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Review: Extreme & Living Colour @ Hindley Street Music Hall (Adelaide)

Extreme played Hindley Street Music Hall (Adelaide) on 8 September, 2023 - image © Mike Lockheart
Mike's life calling is live music photography. He's been lucky to work with bands shooting behind the scenes videos, concert photography and continues to shoot as often as he can with scenestr. More work and musings can be seen on @first3only.

It's almost a year to the day since Adelaide's Hindley Street Music Hall hosted its first live concert in the newly refurbished venue.

Having staged a veritable who's who of acclaimed international and homegrown musical talent, Friday night (8 September) took the mantle of being the first time the hallowed Hall hosted a true bonafide guitar hero; Nuno Bettencourt of hair metal pioneers Extreme.

In support was legendary alt-metal/ funk-rock outfit Living Colour, who drew an equal crowd to Extreme, relishing the opportunity to match the virtuoso musical chops of the headliner.

Fronted by charismatic vocalist Corey Glover, Living Colour led with a funkadelic cover of Led Zeppelin's 'Rock And Roll' and in fitting form followed up with a blazing drum solo.

Few bands would be so bold as to unleash such a solo before their second song in the set, but Living Colour's Will Calhoun, dwarfed behind an almighty silver drum kit, shone as percussionist and backbone of the four piece, demonstrating criss-crossed stick work and furious double-kick beats to dazzle the enthused audience.

Living Colour
Living Colour - image © Mike Lockheart

During 'Preachin' Blues', bassist Doug Wimbish matched Glover's high-pitched wails with mind-bending bass whammy-pedal flourishes, replicating the vocalist's impressive range with distorted yet jazzy soloing to astonishing affect.

Descending into demented funk jamming during 'Funny Vibe', guitarist Vernon Reid took centre stage to unleash some unchained, frenzied shredding, very much setting the tone for the evening.

Unable to contain their talent and mastery of their instruments, the band broke into impromptu jams between songs, flexing their creative musical chops as if in fear that if their hands and feet stalled even for a moment, the entire band would grind to a halt. It created an atmosphere of tense anticipation for the anthems the audience knew were about to come.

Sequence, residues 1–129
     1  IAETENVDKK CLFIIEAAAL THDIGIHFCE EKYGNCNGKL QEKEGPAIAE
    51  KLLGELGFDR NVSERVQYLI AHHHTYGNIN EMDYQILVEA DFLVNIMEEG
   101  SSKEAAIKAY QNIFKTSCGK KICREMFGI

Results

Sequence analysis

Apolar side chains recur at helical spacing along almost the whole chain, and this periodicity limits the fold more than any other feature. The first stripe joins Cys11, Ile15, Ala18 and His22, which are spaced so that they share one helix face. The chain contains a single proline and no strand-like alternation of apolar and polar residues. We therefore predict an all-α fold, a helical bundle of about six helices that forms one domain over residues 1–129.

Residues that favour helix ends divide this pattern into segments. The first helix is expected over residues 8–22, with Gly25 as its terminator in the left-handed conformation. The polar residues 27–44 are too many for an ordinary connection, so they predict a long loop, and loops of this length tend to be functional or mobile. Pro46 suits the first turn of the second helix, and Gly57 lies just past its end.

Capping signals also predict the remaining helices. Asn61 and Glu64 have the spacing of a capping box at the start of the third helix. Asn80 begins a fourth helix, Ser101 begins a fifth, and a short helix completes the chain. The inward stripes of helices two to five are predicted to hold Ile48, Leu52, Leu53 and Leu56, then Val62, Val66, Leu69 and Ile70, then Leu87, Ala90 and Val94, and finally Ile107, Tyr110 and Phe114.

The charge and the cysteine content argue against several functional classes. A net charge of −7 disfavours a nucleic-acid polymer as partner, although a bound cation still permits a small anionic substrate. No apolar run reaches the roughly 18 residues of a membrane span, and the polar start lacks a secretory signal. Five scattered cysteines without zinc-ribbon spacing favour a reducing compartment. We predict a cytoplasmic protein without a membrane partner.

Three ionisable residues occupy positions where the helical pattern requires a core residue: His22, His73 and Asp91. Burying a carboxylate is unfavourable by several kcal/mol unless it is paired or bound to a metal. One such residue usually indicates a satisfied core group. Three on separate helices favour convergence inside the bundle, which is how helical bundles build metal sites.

Living Colour.2
Living Colour - image © Mike Lockheart

Gaining an overwhelming and deserved response to 'Love Rears Its Ugly Head', performed almost in facsimile to the album with the audience singing along to every word, Living Colour had the crowd in the palm of its hand, and ventured into a well-received medley of recognisable melodies, featuring The Shadows' 'Apache' and 'The Message' by Grandmaster Flash.

As its popping basslines drew to a close, the instantly rousing intro of the band's smash hit 'Cult Of Personality' rang through the PA, eventually closing out a truly memorable performance by an oft-overlooked centrepiece of '90s alt-rock on a high.

Within an instant of kick-starting their set, Bettencourt's gigantic guitar sound filled the room as if replacing all of the oxygen with a heavy argon gas. Sitting like a fine wine, its guttural texture was at the same time nuanced, communicating the subtle poetry his deeply classically-infused legato style spoke to.

The theatrical movements of frontman Gary Cherone captivated the front rows of the crowd, enthralled by the showmanship and versatile vocal talent of the singer.

Against a backdrop leaning heavily on classic Extreme artwork, the concert's lighting production illuminated the stage in a way heavily reminiscent of glam and hair metal's heyday.

Extreme.2
Extreme - image © Mike Lockheart

Bettencourt's guitar playing illustrated an undeniable raw talent that was frankly confronting – the speed in which scales on the neck were arpeggiated left you breathless. Sounding distinctly 'classic' in his phrasing of guitar licks and riffs, the band channeled their early material in way that felt authentic and remarkably current.

The band and their repertoire appeared to be tethering on the verge of breaking into full blown classical music, which finally came to a satisfying head on 'Play With Me'. Performed with a kind of bravissimo exclusive to musical veterans, the performance was energetic, youthful and highly exciting.

Nuno's sound – identified by screeching pinch harmonics, buttery legato and frantic string skipping – channeled the same adrenaline as Living Colour, appearing to be afraid of slowing down even for an instant.

With every bar filled with at least a dozen notes, midway through the set Bettencourt and band stripped back their sound for intimate performances of 'More Than Words' and 'Midnight Express'.

Extreme.3
Extreme - image © Mike Lockheart

Preceding one of the more poignant moments of the night, where he explored the entire neck of an acoustic guitar in mere seconds – Bettencourt recounted a conversation he'd had earlier in the tour with Living Colour guitarist Vernon Reid, respectfully asking Vernon if he could "hold back".

"F... no, I'm going for blood," was Reid's response, thus hilariously demanding that Bettencourt up his game. Indeed they both did, delivering a true spectacle of showmanship and guitar virtuosity for a highly entertaining, adrenaline charged evening of classic metal.

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